The investigators include Dr. Andre M. Lieber, assistant professor of medicine in the Division of Medical Genetics, and Dr. David Russell, associate professor of medicine in the Division of Hematology, who was honored by President Clinton in April with one of the Presidential Early Career Awards for Scientists and Engineers.

“They are investigating in the frontiers of medicine. There is no question that in the next 10 to 15 years, the way we think about gene therapy will change radically,” Stamatoyannopoulos said. “The plasticity of stem cells is an important part of that future.”

Clinical research: A very important element of the Program of Excellence is establishment of a Clinical Gene Therapy Core Facility, under the direction of Dr. Tony Blau, associate professor of medicine, Division of Hematology. Clinical gene therapy studies will be facilitated by the Gene and Cell Therapy Laboratory of the UW Clinical Research Center.

The clinical core facility will include a clinical coordinator and a registered nurse to help with studies on patients. This increased staffing for clinical trials represents a big change for UW gene therapy research. The clinical research component includes:

1. A gene therapy project to develop technologies and then conduct human trials for treatment of cystic fibrosis. The co-directors are Dr. Dusty Miller of the Fred Hutchinson Cancer Research Center’s Human Biology and Basic Sciences divisions and an affiliate professor of pathology at the UW; and Dr. Moira Aitken, associate professor in the Division of Pulmonary and Critical Care Medicine.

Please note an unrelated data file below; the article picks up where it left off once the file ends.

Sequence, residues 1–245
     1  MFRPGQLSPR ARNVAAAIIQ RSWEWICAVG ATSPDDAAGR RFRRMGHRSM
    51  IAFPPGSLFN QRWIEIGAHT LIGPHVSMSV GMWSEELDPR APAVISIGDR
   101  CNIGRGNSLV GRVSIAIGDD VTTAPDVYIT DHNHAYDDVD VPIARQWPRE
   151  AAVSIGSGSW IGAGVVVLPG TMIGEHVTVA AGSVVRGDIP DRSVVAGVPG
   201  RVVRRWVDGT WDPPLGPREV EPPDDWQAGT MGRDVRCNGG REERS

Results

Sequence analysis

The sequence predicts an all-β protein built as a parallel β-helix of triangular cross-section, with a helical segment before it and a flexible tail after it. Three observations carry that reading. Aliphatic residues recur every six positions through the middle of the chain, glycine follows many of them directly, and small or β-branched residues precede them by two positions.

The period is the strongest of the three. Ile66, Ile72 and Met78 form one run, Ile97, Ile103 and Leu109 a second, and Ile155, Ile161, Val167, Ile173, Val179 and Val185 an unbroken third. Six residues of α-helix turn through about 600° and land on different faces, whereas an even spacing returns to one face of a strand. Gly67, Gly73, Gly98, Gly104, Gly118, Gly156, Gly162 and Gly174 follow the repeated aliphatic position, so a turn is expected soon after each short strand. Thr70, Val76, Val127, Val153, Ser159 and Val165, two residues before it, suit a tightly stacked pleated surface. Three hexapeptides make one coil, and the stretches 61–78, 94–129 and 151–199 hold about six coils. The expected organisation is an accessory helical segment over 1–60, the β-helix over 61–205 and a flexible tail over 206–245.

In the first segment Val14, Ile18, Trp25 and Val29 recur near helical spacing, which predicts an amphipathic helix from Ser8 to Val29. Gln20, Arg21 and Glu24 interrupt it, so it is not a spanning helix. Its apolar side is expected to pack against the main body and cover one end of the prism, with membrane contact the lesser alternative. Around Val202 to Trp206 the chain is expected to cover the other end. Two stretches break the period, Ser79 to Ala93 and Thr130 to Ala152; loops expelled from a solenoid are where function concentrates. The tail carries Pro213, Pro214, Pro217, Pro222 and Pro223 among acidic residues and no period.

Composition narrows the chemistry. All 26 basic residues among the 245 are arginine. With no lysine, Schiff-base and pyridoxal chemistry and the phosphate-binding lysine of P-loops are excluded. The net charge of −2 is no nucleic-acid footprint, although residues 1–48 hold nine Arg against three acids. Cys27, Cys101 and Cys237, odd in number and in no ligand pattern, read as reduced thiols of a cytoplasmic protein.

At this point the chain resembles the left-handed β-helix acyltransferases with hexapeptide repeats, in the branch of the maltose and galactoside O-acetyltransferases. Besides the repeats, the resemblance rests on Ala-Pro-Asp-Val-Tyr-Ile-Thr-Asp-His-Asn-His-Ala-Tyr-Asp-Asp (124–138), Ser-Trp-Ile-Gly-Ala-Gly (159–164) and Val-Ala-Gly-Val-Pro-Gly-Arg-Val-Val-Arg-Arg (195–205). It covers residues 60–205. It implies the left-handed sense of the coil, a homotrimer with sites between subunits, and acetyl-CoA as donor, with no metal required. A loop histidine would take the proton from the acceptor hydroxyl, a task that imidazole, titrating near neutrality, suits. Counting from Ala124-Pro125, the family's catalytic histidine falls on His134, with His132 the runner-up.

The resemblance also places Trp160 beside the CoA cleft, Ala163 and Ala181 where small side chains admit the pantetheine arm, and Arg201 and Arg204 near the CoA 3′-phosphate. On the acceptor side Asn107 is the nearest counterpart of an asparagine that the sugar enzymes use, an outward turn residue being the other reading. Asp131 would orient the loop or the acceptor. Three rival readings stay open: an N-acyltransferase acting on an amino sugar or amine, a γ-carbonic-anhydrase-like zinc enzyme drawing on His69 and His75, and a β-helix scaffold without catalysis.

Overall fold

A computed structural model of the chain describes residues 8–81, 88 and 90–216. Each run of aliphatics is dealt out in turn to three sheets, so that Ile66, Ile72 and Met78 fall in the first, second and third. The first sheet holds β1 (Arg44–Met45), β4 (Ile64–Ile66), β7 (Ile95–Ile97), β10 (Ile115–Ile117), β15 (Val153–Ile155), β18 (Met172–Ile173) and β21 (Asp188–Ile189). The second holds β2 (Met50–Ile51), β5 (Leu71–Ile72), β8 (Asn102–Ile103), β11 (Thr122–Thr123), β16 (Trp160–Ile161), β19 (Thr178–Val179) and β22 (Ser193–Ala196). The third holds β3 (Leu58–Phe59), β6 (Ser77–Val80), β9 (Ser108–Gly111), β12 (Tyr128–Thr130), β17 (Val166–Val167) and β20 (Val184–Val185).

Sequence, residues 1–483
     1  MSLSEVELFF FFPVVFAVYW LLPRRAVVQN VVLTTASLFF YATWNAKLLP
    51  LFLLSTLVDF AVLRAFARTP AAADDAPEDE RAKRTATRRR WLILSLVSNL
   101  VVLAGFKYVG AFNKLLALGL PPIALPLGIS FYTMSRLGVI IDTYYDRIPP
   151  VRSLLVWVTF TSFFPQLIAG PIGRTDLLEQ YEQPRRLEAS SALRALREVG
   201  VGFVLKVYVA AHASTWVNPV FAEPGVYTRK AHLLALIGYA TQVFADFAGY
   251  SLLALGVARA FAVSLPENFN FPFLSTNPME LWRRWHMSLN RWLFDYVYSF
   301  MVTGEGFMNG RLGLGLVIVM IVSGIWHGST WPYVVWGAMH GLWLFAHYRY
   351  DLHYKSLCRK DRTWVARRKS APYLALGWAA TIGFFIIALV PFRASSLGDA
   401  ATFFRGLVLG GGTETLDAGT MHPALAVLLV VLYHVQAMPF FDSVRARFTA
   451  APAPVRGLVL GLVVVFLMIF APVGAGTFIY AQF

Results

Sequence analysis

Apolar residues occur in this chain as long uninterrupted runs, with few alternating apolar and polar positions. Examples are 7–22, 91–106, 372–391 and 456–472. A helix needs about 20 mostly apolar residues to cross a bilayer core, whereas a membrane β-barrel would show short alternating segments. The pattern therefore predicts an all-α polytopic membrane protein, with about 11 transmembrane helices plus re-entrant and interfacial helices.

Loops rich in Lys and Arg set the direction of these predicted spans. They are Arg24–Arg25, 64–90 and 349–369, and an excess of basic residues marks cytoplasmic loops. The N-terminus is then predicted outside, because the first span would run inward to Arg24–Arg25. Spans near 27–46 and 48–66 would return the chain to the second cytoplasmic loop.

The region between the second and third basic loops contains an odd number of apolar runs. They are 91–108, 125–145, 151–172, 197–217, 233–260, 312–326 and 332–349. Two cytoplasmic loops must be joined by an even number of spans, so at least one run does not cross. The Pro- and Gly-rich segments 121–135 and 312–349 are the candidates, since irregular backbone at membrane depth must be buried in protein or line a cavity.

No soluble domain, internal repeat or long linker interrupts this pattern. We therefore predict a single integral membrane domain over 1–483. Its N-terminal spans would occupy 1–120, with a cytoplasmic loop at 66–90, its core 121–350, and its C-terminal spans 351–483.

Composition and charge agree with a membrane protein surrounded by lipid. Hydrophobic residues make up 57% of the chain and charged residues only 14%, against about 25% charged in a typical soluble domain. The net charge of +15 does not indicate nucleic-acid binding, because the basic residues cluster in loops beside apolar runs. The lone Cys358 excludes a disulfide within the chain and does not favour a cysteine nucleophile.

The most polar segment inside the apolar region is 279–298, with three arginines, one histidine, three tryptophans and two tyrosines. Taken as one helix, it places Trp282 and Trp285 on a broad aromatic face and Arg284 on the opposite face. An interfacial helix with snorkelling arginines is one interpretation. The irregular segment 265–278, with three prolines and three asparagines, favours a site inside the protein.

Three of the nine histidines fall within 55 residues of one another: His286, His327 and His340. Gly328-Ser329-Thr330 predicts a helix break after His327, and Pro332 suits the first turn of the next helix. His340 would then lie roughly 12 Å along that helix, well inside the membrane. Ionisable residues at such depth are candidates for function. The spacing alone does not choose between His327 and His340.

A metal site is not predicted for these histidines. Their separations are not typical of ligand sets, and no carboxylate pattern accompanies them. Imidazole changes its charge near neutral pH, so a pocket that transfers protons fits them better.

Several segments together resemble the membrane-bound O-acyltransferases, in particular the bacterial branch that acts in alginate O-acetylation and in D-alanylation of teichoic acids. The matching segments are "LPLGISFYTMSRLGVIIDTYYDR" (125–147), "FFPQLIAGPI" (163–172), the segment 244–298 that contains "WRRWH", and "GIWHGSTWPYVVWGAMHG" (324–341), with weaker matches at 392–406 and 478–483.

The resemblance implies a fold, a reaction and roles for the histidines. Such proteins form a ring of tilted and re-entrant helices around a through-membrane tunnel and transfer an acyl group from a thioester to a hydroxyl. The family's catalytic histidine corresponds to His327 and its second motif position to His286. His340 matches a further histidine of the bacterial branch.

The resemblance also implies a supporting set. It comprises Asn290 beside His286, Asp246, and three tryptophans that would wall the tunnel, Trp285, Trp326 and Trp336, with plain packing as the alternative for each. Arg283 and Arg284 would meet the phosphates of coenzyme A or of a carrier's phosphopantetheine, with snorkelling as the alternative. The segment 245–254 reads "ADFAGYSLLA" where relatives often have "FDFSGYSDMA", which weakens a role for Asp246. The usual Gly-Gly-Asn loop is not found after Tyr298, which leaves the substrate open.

2. A gene therapy trial to monitor graft-vs.-host disease. Graft-vs.-host disease occurs after a bone marrow transplant when the bone marrow of a donor starts destroying the cells of the recipient. Researchers hope to use gene therapy to make that disease less likely. The director is Dr. Stanley Riddell, a member of the Hutchinson Cancer Research Center and a UW professor of medicine.

3. Development and testing of a gene therapy to treat sickle cell anemia and thalassemia. Stamatoyannopoulos is the director. The co-investigators are Blau and Dr. David Emery, an assistant professor in the Division of Medical Genetics. The research program will begin not with gene therapy, but with cell therapy studies that involve manipulation of cells. It is expected it will be about three or four years before therapeutic genes could be inserted into the patient’s stem cells.

No clinical gene therapy studies are expected to begin right away. They are either going through the intensive federal approval for such studies, or through pre-clinical research.

Education/training: The university will offer an intensive training program for postdoctoral students in gene therapy. Russell will be the director.

“The goal is to create future investigators who are not only skilled in the laboratory, but are also good scholars. They will understand the breadth of the field in addition to the depth of the field,” Stamatoyannopoulos said.

A total of 14 consortiums and single institutions applied to NHLBI for the four slots. Other Programs of Excellence in Gene Therapy will be led by investigators at Stanford University, Weill Medical College of Cornell University and the University of Pittsburgh.